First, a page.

Predictive analytics may be the future, but first we need to solve the data problem

“Your voice is breaking.” “We lost you there for a while.

How many times have we all heard or said these things? What about the white circle of endless caching? We’ve all experienced endless glitches, downtime, and broken apps that affect us more than we’d like to admit.

For enterprises, the move to the cloud and reliance on SaaS applications has made the Internet the corporate backbone. The internet is a digital supply chain that gives users a great digital experience. But there is no certainty that your application and its many components distributed across multiple cloud environments actually perform on an equal footing.

So for today’s organizations that want to be more proactive and automated in the way they operate and manage their environments: is delivering predictable digital experiences in an unpredictable online environment even in the cards? I would argue that the answer is yes, but only if you solve the data problem first.

The data problem that is the Internet

IT operations are an overwhelming place these days. In today’s connected world, where every business, application and device rely on a digital connection every hour of every day, providing the highest quality digital experience is crucial. But with applications running in the cloud and accessed from multiple remote endpoints, the number of new blind spots has created huge challenges for anyone tasked with troubleshooting flawed user experiences. This complexity causes the network model to be plagued by reactive troubleshooting, and the user experience is regularly degraded.

Network experts tell us that responding to disruptions and adapting to new business needs are two of the top network challenges. For these companies, the quest for predictive intelligence is to be able to move from reactivity to prevention, thereby pinpointing issues before they impact the user experience. Predicting and taking control of what is happening in the cloud has now become the backbone of the corporate network.

Predictive Intelligence: Unlocking Performance Growth and Opportunity

However, predictive intelligence promises real productivity gains. For organizations with hybrid employees, the benefits can be significant. Predictively identifying a single service impacting an outage and fixing it—for example, by switching providers and paths carrying application traffic during peak periods—can save hours of downtime or reduced productivity for a single employee. Multiplied by the employee base, this number quickly becomes significant.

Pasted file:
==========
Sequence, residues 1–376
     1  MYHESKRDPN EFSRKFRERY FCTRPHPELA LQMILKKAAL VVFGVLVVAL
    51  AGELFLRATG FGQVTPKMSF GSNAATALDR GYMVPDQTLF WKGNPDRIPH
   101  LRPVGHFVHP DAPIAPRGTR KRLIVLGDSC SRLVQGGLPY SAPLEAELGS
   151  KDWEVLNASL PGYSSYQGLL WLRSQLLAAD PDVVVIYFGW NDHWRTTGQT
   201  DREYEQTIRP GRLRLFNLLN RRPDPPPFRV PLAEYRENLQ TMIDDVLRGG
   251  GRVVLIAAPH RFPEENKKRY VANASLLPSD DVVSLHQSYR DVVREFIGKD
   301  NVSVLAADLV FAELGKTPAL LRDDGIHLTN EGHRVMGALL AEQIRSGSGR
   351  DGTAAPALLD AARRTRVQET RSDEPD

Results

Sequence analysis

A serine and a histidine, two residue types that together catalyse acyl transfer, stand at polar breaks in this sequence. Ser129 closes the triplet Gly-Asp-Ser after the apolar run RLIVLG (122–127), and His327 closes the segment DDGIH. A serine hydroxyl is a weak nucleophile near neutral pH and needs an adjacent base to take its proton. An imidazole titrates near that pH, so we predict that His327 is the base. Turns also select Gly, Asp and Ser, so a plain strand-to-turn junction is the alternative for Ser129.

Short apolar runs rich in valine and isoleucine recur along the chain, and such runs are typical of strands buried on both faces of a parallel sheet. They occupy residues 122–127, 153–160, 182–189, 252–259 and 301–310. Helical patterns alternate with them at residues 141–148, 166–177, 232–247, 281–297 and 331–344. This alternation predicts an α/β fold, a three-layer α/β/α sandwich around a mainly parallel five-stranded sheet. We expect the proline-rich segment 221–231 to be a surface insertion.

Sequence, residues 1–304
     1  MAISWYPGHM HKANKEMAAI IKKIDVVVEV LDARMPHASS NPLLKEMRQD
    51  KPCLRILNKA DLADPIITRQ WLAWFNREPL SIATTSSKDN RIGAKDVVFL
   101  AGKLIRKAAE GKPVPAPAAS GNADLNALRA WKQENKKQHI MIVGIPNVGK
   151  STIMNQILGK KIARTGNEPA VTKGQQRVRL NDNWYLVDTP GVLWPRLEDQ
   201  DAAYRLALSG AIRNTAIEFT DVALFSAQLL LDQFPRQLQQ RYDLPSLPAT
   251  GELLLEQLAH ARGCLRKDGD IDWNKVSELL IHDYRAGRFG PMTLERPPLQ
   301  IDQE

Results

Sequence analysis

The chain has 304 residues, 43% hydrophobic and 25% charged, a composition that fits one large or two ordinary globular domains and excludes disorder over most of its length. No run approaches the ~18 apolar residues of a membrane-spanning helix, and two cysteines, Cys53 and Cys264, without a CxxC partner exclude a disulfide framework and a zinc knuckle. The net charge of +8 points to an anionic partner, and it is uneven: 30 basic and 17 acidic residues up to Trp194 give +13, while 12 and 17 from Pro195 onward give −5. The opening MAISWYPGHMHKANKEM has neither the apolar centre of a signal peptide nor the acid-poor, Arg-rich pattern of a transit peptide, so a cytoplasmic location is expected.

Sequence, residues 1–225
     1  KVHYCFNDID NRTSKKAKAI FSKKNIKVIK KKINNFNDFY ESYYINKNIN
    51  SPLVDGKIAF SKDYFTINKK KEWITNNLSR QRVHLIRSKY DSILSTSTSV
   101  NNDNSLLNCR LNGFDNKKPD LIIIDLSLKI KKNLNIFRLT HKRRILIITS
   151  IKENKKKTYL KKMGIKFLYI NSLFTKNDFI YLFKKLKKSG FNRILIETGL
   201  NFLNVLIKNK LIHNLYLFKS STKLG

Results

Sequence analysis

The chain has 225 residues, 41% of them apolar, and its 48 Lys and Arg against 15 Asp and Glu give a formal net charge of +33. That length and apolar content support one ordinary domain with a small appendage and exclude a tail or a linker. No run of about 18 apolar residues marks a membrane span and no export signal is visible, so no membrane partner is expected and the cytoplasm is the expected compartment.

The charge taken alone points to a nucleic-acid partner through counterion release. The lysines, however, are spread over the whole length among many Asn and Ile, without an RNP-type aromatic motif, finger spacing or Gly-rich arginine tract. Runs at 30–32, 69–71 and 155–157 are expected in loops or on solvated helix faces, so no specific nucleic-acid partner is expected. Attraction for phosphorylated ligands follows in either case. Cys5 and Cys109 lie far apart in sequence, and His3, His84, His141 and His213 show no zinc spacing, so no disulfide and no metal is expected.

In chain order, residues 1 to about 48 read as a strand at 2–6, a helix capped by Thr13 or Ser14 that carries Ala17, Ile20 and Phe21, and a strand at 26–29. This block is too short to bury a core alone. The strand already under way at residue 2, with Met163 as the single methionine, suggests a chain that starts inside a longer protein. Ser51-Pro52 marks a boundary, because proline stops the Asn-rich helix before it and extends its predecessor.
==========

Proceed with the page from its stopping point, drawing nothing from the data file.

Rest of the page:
The same applies to meeting consumer demand. In an era of exponential choice, proactively preventing any disruption is key to delivering the always-on digital experience shoppers need and demand. In fact, expectations for digital experiences have skyrocketed.

Unlocking productivity gains and opportunities to increase brand value is a true turnaround in predictive analytics.

Determining the size of the data challenge in predictive analytics

Troubleshooting is a largely reactive endeavor based on analysis and informed decision-making to improve the situation or identify potential root causes of an active incident.

Figuring out what’s going on or what went wrong satisfies an immediate need, but it doesn’t help in any way to avoid a cycle of users leaving a lagging app or an unavailable cloud service.

This is the promise of the predictive internet: the ability to leverage a rich dataset and visualization to analyze historical patterns in a complex network of proprietary and third-party networks to predict service outages or degradations and take remedial action before users are impacted.

Predictive intelligence at this level is both a data problem and a scale problem. Solving these problems is the key to making it a real reality.

It takes a huge amount of data to predict the onset of performance degradation or deterioration with high accuracy. While the amount of data needed to train a model has been around for some time, the data has often not been as clean as it should be. This resulted in a flow-on effect in the statistical models. Without good data, the models simply couldn’t generate detailed assessments and actionable recommendations.

Thanks to advanced modeling technology, supported by high-quality data collected from the client’s extensive network, predictive intelligence is at your fingertips.

The guiding hand

So what does predictive intelligence look like today? It starts with visibility and ends with trust. Data-driven visibility that provides insights into cloud and web environments that the organization does not own—but that have become part of the corporate network and thus critical as a mechanism for delivering digital experiences—is critical. It is equally important to supplement this visibility with the data you have from an analytics model that learns from past behavior and predicts future events.

Third, and perhaps most important, is to recommend what actions to take based on the data and insights of continuous measurement and evaluation of performance. Giving up control of your IT infrastructure is an impossible task without first building trust. Recommendations build trust. Trust that the data is correct and trust that the recommended action will produce the intended result.

Predictive intelligence should be taken as a guideline that helps companies see and measure performance across all networks that impacts the user experience, predicts issues based on historical data, and influences decision making.

Mohit Lad is the co-founder and CEO of the company Thousands of Cisco eyes.


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